Video auctions are the new standard for cattle marketing. They operate much like a traditional auction taking place in a sale barn, but have a much larger pool of potential buyers. Thus, sale prices observed in video auctions are often more indicative of national prices than are local cash sale prices. This means we can learn what cattle markets really want by studying video auction prices.
In the course of our research, we used data from video auctions of calves. Western Video Market provided us anonymous information from 1,979 lots of cattle with average weights in the 500- to 625-lb. range sold in video auctions from 1997-2003. This weight range was used to focus on the price effects of the length of time since calves were weaned.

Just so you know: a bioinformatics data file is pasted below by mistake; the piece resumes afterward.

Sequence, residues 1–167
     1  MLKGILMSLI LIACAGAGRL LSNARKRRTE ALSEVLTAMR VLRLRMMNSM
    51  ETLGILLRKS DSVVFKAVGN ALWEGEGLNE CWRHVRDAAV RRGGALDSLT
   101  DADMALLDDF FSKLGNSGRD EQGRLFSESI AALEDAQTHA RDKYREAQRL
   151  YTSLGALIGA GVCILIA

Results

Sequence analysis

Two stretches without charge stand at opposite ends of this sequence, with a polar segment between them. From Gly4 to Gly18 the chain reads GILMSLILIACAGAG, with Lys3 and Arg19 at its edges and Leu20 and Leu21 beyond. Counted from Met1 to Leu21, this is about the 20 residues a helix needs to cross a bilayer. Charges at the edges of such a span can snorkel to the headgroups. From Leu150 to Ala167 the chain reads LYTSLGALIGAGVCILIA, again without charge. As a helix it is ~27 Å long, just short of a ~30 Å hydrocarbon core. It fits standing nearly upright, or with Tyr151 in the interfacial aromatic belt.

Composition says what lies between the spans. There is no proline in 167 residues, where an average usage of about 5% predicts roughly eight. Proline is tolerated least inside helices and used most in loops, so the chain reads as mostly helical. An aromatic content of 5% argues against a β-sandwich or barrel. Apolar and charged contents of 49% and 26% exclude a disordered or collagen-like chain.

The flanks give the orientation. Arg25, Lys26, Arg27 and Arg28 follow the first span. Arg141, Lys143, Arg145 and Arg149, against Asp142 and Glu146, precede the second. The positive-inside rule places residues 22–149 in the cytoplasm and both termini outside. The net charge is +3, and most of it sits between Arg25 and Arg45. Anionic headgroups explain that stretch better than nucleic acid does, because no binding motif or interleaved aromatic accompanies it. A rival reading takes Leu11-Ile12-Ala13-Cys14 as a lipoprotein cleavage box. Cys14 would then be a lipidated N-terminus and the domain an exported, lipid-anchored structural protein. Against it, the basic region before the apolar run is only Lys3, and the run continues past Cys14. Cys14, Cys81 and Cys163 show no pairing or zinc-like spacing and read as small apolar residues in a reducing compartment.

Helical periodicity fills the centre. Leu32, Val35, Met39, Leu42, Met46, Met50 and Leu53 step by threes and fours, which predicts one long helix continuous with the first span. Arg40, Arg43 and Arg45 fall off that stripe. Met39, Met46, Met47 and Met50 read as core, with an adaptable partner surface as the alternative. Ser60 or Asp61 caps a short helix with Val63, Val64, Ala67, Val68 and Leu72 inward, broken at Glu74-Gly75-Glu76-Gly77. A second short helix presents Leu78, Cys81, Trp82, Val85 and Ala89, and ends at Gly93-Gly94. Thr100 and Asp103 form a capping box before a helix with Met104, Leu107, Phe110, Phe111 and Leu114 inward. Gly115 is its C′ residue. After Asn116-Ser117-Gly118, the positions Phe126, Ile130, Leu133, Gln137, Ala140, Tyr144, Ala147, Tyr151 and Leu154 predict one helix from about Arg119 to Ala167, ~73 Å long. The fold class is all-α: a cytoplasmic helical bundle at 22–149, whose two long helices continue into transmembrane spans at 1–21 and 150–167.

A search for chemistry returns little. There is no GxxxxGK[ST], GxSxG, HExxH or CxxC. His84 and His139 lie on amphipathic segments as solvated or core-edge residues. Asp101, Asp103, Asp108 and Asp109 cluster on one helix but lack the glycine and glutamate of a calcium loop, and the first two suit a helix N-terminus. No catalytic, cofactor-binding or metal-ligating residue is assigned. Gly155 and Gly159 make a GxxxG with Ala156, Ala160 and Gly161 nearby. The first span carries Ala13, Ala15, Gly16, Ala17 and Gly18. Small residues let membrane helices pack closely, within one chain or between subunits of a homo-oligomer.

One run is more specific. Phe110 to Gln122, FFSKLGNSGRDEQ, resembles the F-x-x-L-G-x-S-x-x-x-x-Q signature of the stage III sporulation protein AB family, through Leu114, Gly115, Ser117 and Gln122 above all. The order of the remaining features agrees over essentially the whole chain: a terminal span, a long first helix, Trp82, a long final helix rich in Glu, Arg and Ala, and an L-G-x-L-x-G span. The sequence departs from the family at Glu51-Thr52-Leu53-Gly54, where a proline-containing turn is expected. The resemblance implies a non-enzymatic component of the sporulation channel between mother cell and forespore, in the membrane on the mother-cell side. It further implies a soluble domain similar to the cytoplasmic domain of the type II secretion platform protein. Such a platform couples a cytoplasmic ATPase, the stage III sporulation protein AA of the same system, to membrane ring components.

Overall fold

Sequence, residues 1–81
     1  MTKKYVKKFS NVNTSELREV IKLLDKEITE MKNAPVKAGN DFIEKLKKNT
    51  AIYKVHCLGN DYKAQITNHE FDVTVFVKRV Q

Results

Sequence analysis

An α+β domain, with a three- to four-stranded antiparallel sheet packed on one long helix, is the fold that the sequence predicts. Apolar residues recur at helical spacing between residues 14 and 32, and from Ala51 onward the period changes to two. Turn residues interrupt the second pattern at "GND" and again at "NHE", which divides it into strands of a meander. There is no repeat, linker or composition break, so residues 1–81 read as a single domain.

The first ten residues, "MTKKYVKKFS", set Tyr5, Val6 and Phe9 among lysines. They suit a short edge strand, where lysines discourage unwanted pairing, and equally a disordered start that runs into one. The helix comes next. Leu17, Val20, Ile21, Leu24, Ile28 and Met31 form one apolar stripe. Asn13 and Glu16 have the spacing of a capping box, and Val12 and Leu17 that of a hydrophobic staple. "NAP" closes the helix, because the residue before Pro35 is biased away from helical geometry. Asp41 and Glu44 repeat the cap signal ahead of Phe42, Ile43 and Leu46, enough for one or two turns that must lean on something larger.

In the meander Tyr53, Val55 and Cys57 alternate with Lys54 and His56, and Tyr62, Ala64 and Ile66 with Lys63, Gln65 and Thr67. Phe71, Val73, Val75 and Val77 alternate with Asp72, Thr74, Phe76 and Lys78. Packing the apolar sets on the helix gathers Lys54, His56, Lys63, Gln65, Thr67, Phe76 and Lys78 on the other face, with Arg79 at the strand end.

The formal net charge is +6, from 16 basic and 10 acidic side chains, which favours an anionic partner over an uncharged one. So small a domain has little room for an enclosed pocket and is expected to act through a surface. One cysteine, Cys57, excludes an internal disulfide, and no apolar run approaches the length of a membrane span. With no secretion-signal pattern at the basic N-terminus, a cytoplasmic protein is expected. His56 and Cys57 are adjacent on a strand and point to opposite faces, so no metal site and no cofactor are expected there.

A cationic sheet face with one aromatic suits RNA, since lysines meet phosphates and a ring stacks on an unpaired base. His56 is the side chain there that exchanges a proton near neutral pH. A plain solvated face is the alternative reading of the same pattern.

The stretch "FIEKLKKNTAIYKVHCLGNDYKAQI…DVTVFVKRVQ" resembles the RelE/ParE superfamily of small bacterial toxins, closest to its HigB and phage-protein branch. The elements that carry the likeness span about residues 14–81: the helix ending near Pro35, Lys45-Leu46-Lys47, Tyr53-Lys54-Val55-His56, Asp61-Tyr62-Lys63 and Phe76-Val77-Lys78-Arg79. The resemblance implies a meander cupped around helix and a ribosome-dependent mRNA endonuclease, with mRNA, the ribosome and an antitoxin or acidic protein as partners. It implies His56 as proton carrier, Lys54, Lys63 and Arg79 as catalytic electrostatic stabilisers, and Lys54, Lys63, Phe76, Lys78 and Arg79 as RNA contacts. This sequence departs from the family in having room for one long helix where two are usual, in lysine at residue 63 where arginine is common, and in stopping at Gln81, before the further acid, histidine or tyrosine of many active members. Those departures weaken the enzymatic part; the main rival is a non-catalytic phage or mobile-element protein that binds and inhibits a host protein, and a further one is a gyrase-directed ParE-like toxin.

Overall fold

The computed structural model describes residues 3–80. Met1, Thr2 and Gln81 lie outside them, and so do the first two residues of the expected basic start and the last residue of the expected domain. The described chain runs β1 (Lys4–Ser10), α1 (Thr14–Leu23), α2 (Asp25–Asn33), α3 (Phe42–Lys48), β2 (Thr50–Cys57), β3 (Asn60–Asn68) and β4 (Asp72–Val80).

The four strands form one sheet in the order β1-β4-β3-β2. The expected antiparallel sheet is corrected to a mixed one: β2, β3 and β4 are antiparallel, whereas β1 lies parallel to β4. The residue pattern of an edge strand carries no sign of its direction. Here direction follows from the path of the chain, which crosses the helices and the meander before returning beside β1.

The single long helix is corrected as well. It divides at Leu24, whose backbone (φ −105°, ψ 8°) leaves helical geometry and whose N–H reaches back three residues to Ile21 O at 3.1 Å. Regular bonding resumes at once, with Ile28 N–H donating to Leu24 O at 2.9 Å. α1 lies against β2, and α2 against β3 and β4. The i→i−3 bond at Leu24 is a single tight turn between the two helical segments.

The number of lots sold per year increased from 153 in 1998 to 397 in 2003. Average lot size increased from 130 head during 1997 to 146 head in 2003. The cattle were sold from ranches across the western U.S.
The new analysis had more data available and used a complex statistical process to get a more current picture of the market value of preconditioning and other pricing factors.